Federal regulators have known for almost 40 years that the talc in personal care products can be contaminated with deadly asbestos fibers but left it to the cosmetics industry to monitor itself, according to documents published this week by an independent investigative news site.
By Bill Walker, investigations editor FairWarning reported that a March 1976 Food and Drug Administration memo it obtained under the Freedom of Information Act “charged that cosmetics makers had been lax in monitoring the safety of talc supplies.” In light of the industry’s weak efforts, the memo said, FDA had “not much choice but to move ahead as speedily as poss...
By Bill Walker, investigations editor
FairWarning reported that a March 1976 Food and Drug Administration memo it obtained under the Freedom of Information Act “charged that cosmetics makers had been lax in monitoring the safety of talc supplies.” In light of the industry’s weak efforts, the memo said, FDA had “not much choice but to move ahead as speedily as possible with a proposal of a regulation on asbestos in talc.” FDA backed off, however, after a cosmetics industry trade group said it had developed a test companies would use to screen talc for asbestos.
Some officials at the agency remained concerned. In 1994 and again in 2001, FDA proposed to test cosmetic talc products for asbestos, but it didn’t follow through. Finally, in 2009, the agency tested eye shadow, blush and facial powder from retail stores and requested samples of raw talc from nine suppliers. Only four suppliers complied, and the product tests found no asbestos.
FDA officials concluded that the tests were not sensitive enough to detect low levels of asbestos. In 2010 they asked the U.S. Pharmacopeial Convention, a scientific nonprofit, to come up with a better test. FairWarning said FDA officials refused to be interviewed about what came of that request but issued a statement acknowledging that current methods “have insufficient sensitivity to detect asbestos and cannot provide the highest possible level of confidence when used by suppliers of talk to certify ‘absence of asbestos.’”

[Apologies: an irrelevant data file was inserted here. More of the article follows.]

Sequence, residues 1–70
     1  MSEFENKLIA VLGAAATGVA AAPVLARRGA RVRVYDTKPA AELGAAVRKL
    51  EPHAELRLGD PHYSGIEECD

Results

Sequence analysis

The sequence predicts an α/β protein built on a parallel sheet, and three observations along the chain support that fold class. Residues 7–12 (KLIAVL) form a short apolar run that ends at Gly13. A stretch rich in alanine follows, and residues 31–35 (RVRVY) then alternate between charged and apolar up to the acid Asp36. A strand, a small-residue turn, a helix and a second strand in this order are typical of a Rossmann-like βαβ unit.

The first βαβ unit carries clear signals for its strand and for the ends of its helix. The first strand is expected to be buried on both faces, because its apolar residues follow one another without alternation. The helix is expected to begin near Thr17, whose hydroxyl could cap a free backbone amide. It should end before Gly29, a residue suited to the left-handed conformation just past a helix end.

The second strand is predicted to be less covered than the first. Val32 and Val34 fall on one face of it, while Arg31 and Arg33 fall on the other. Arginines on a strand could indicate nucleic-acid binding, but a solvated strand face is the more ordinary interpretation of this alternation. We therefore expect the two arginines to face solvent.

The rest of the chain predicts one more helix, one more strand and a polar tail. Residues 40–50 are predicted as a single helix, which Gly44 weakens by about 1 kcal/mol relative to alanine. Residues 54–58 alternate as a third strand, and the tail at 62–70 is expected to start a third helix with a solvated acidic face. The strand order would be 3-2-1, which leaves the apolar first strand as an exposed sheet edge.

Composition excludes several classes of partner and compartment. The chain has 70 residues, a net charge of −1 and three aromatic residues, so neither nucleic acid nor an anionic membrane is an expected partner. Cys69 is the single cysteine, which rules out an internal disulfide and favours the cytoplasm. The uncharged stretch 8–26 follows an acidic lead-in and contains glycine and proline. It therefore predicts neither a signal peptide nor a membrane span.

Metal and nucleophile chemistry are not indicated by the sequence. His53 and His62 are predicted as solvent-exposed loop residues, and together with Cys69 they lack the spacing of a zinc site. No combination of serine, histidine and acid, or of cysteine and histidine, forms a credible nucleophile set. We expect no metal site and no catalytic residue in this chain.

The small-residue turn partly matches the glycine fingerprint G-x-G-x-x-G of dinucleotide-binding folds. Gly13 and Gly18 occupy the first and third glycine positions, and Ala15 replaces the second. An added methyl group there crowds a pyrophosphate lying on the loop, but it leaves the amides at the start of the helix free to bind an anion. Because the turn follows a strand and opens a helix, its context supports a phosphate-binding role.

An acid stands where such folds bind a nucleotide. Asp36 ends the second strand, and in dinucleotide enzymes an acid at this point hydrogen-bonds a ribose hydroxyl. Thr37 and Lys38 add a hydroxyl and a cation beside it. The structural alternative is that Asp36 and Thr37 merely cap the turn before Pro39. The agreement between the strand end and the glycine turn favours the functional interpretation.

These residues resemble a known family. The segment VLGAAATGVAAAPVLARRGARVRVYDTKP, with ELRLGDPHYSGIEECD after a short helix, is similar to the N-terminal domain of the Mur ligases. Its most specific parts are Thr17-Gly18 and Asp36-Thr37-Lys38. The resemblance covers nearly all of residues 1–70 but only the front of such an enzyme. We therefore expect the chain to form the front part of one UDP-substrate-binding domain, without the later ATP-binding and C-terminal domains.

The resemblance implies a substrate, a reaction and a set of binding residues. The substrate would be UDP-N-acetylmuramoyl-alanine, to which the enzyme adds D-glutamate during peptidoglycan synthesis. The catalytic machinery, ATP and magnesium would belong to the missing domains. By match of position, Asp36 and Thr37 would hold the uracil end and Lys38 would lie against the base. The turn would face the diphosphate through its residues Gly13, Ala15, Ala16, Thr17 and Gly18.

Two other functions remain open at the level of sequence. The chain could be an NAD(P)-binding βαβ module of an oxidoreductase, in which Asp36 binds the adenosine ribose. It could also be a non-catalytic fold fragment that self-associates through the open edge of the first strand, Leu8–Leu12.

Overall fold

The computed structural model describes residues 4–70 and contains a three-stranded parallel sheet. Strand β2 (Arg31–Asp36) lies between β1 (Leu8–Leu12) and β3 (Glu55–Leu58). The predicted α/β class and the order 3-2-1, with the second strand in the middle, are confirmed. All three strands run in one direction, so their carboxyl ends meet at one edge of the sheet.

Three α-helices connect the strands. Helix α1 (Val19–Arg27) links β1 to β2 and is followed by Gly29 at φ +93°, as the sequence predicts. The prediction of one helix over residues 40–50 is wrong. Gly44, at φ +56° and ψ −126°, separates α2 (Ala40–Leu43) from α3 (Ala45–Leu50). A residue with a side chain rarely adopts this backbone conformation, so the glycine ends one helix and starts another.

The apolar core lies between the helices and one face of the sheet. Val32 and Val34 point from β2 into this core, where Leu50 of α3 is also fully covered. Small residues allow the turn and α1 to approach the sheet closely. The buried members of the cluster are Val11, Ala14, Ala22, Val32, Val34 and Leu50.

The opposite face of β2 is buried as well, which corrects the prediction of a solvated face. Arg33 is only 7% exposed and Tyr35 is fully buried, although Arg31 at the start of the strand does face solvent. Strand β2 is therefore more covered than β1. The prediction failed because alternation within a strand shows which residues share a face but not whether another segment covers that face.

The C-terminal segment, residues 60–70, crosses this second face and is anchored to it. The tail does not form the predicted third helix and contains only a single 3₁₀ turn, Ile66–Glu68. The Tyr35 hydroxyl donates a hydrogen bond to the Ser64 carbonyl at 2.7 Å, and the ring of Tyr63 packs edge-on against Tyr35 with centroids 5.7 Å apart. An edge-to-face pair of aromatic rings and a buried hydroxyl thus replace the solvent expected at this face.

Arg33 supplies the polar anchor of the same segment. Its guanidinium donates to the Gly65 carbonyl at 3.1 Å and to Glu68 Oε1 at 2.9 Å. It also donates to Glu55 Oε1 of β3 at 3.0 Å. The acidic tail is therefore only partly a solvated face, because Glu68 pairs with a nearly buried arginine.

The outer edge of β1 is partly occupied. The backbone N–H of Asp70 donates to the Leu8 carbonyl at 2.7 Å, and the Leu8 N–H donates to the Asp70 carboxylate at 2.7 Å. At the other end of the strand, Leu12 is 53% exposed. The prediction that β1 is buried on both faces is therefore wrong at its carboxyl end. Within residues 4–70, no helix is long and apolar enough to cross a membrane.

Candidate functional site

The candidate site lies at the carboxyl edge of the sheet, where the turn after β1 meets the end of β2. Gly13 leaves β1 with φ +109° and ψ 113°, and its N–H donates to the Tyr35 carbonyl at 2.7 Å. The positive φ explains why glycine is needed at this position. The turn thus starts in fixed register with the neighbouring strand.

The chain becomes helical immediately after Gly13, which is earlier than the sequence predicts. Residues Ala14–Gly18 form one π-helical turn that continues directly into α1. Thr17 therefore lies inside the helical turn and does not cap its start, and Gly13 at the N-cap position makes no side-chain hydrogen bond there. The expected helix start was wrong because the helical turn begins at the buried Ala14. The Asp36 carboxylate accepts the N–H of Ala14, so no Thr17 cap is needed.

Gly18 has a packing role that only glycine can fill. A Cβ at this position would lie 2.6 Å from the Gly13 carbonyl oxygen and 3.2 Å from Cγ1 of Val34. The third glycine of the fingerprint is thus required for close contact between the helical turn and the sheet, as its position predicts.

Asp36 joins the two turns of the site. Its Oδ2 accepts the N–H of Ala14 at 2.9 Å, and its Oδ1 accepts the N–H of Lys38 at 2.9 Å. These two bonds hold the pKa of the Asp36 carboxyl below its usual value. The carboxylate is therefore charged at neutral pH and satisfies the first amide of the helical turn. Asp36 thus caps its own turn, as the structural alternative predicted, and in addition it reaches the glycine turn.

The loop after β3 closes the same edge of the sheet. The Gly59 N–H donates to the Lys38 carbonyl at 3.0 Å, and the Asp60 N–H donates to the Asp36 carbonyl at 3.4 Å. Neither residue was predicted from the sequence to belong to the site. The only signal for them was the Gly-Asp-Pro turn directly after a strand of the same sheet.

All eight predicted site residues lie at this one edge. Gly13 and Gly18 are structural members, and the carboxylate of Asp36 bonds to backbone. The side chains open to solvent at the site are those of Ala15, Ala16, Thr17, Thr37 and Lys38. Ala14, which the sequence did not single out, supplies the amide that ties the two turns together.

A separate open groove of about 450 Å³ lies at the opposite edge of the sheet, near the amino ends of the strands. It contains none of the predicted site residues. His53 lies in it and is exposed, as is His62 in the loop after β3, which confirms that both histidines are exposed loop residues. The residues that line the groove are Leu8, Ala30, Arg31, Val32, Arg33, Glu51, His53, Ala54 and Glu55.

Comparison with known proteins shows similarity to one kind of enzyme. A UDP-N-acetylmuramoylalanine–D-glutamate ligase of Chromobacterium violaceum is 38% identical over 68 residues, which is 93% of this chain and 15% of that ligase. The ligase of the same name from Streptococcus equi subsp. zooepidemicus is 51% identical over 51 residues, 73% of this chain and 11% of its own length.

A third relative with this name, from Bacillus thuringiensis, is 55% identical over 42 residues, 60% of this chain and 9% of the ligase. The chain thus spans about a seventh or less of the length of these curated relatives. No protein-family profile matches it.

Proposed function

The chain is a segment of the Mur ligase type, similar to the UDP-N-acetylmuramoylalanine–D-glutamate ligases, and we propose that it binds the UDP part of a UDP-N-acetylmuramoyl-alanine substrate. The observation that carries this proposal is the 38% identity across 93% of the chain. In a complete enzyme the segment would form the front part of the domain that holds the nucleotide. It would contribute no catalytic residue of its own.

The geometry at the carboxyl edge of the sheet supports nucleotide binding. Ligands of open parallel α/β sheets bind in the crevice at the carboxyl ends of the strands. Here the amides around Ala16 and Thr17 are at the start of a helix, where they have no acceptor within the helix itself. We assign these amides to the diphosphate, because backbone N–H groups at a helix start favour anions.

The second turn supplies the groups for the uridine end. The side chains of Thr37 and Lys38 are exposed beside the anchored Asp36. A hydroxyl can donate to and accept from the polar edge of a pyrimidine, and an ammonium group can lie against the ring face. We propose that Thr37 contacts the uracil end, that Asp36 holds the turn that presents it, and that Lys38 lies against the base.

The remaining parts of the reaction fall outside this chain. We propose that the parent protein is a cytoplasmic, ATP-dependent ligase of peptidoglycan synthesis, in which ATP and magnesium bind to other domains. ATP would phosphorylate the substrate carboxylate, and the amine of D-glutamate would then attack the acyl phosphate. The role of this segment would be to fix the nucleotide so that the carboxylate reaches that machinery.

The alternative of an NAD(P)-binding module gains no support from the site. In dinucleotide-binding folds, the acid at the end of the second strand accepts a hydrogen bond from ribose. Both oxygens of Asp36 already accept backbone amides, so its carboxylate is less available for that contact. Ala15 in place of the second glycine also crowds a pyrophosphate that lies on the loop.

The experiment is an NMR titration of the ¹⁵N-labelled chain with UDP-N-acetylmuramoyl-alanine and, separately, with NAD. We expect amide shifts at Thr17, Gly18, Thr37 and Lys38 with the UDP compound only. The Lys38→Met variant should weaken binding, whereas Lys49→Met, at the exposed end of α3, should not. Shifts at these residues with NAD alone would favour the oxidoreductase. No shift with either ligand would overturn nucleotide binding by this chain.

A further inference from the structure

The history of FDA’s non-regulation of asbestos in cosmetic talc mirrors the limited action – and authority – of the U.S. Consumer Product Safety Commission when it comes to ensuring that the talc in crayons and other toys is free of asbestos.
A recent investigation by EWG Action Fund found asbestos-contaminated talc in several brands of crayons and kids’ crime-scene toys. The Safety Commission has known since 2000 that talc used in some crayons could be contaminated and since 2007 that the crime-scene toys could also be contaminated. But like the FDA, the commission requested only voluntary action by manufacturers.
EWG Action Fund wrote to the Commission urging regulators to “investigate asbestos contamination in children’s products and take all necessary precautions to protect children from the dangers of asbestos exposure.” The Action Fund met with the Commission in August but agency officials have not yet said what action they will take.